Everyone must row with the oars he has

Roeien met de riemen die je hebt.

(= men moet werken met de middelen die men heeft)

Literal Translation: “Rowing with the oars you have got.” Meaning: “Making do with the means available to you.”

Oars in the English Proverb ‘Everyone must row with the oars he has’ include his attitude, time, his access to knowledge, his physical abilities, his ability to engage others to get help him row that boat etc.

We must examine the oars more closely, be open to their potential and realise our part in recognising what those ‘oars’ are and can be.

Once we realise what it actually is that we have to row with and make the most of it, we might find we can row faster, farther and enjoy every minute!

“Everyone must row with the oars he has.” 

You’re in a boat you don’t want to be in. And you’ve got some kind of oars. Some of us have nice, smooth, well engineered oars that make the trip better. Others have some old boards you found in the bottom of your leaky, creaky boat. Some of us may be on a raft with only a pole to propel us forward. So. Where you are is where you are. You might wish you were in a different boat with different oars, but you aren’t. Your life right this minute is what it is. You (like all the rest of us) have got to decide what to do now.

You can either sit in the boat complaining and sobbing and screaming. Or … you can start rowing. The whining and crying aren’t going to do any good in the end. They might bring some relief temporarily, but the fact is, you’ve got to start rowing with the oars you’ve got.

Hint: the trip will go better, and you’ll get to your destination faster if you just accept where you are and figure out where you want to end up, and get going.

Here’s a story that doesn’t involve a boat, but it does involve being in a really crappy place. It’s the story of Paul, who was in a dark, smelly, wet prison (most likely in shackles) when he wrote the words below.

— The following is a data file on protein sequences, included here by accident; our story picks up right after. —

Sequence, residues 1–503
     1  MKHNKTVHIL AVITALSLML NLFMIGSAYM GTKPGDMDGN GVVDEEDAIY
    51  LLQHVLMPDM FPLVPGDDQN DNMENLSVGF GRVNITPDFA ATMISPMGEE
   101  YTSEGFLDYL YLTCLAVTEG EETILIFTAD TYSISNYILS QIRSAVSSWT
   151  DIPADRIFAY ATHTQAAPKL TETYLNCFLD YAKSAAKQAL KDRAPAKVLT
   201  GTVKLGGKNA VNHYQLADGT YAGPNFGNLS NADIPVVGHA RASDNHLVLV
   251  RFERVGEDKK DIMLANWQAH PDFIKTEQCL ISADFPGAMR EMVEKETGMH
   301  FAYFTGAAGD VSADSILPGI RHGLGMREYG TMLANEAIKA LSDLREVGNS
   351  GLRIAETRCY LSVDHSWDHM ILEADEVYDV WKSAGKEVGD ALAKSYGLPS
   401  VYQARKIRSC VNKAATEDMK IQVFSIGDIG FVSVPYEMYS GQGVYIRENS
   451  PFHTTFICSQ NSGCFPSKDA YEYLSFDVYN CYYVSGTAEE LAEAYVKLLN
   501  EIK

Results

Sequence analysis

Paul seems to be saying that you can learn (yes LEARN) to be content in “any and every” situation.

“I know what it is to be in need, and I know what it is to have plenty. I have learned the secret of being content in any and every situation, whether well fed or hungry, whether living in plenty or in want.”  Philippians 4:12

Earlier Paul wrote:  “No dear ones, I am not all I should be but I am bringing all my energies to bear on this one thing:  Forgetting the past and looking forward to what lies ahead …. ”  Philippians 3:13a

When the winds of life don’t hit your sails, you grab the oars of life and you start pushing.

The early bird catches the worm. British Proverb (you should wake up and start work early if you want to succeed).

Oars include his attitude, … (the first line of this web page) …, his ability to engage others to get help him row that boat etc.

A man’s gotta do what a man’s gotta do.


Said to mean that you will do whatever you have to do, even if it is difficult or dangerous.

Cambridge Dictionary

Play your cards right

To say or do things in a situation in such a way that you gain as much as possible from it

Who knows? If you play your cards right, maybe he’ll marry you.

JFL Prank: Back To Square One

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28 mrt. 2011

Police officers take random pedestrians crossing the street and bring them back to where they came from.
A presentation of the Just For Laughs Gags. The funny hidden camera pranks show for the whole family. Juste pour rire les gags, l’émission de caméra caché la plus comique de la télé!